“It fails to integrate with the rest of the Midwick neighborhood,” Olson said of the styles. “It’s bungalows on steroids, with its features indistinct and its proportions bloated.”

Ron Sahu, an environmental engineer living in Alhambra, said that a gated community would be an affront to the sense of community in Midwick. Sahu also pointed to an entrance that would give residents exclusive entry into Granada Park.

”It is incongruous to have a private gateway into a public park,” he said, adding that this sense of exclusiveness was “insulting.”

Susan Prado, a resident of Arcadia, came to the hearing to represent relatives—including her mother—who had lived at the former retirement home on 2400 South Fremont. She said that they had been promised lifetime care but were instead relocated after the home was shut down. “They invested their life savings under the promise," said Prado. "The promises were not honored.” Prado said she would like to see the 2400 South Fremont area provide affordable housing to uphold “the spirit of what was supposed to be there.”

The Planning Commission, in responding to the speakers, focused on traffic and unit density. The commission reiterated Bunker’s suggestion that street lights be synchronized to regulate traffic flow, and commission member Jeff Maloney noted that the proposed site is largely designated for multiple-family residences. "For that specific area, most of that site is currently zone R-3. The Specific Plan would result in a density that is lower than what is currently allowed," said Maloney.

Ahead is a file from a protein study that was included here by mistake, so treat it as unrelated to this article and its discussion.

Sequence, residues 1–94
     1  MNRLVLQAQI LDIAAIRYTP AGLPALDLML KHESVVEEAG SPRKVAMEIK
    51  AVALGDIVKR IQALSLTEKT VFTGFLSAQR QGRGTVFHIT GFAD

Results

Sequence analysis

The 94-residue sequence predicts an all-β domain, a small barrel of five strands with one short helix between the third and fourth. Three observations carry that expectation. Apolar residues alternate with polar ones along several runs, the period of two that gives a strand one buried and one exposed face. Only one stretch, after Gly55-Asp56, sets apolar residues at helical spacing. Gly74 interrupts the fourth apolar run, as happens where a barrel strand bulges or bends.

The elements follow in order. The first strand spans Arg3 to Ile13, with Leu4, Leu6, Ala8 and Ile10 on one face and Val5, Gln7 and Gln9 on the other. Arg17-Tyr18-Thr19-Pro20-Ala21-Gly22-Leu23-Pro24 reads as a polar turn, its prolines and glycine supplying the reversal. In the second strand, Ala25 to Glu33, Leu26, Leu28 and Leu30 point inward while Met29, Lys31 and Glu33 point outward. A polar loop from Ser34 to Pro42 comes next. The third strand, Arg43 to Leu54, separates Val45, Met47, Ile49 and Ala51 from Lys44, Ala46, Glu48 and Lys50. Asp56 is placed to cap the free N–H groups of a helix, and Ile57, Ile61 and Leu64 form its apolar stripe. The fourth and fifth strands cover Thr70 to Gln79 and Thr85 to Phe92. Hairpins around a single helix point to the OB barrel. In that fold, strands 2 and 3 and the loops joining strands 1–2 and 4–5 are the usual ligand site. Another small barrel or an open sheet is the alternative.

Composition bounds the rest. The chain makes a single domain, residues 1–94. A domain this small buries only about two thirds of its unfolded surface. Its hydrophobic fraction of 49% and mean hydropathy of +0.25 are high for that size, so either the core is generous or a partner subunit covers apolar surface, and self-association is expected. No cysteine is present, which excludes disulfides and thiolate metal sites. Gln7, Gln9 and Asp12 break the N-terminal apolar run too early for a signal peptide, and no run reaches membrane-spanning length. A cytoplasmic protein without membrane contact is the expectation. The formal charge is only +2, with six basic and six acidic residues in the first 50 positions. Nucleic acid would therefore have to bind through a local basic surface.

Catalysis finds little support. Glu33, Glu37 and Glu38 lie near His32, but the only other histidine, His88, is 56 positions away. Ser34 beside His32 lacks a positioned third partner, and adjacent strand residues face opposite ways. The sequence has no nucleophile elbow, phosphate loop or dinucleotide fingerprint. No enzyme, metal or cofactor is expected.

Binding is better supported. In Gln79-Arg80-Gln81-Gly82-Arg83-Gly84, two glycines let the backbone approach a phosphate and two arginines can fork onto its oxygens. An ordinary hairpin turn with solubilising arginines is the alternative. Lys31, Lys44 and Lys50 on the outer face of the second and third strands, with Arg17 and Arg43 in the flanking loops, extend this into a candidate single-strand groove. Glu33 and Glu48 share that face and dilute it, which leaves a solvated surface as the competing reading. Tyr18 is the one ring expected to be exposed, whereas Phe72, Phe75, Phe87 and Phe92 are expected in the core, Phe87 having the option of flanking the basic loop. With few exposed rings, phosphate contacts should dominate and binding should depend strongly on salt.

Thomas Maloney and Ross Maza voted against the proposal. A date has not yet been set for the City Council's decision on the project.

9 thoughts on “Planning Commission sends Midwick development project to City Council for approval; residents voice opposition”

  1. This development disappoints me. I’m a new resident (2 years in Alhambra) but grew up in the area. One only has to look at neighboring cities such as Monterey Park that have little or no regulation to see the damage that can be done with over-development.
    The city council appoints the planning commission and I urge everyone to PAY ATTENTION during election time to see who we’re putting in power.
    To contact the City Council, see information below:
    http://www.cityofalhambra.org/page/14/city_council/

    We have to start at the top to prevent this situation from happening over and over again.

  2. Mr. Sunada and the Grassroots Alhambra people spoke against this project, the midwick neighbors and preservation group as well. Not one person from the city residents liked it,but commissioner Bunker and other commissioners tried to gloss over the glaring problems we all saw so clearly. What motivates these people to ignore us and recommend a yes vote? There are powers and money behind the curtain. This project must go back to the drawing board! I am so upset with the city and these horrible developments. When is it going to stop?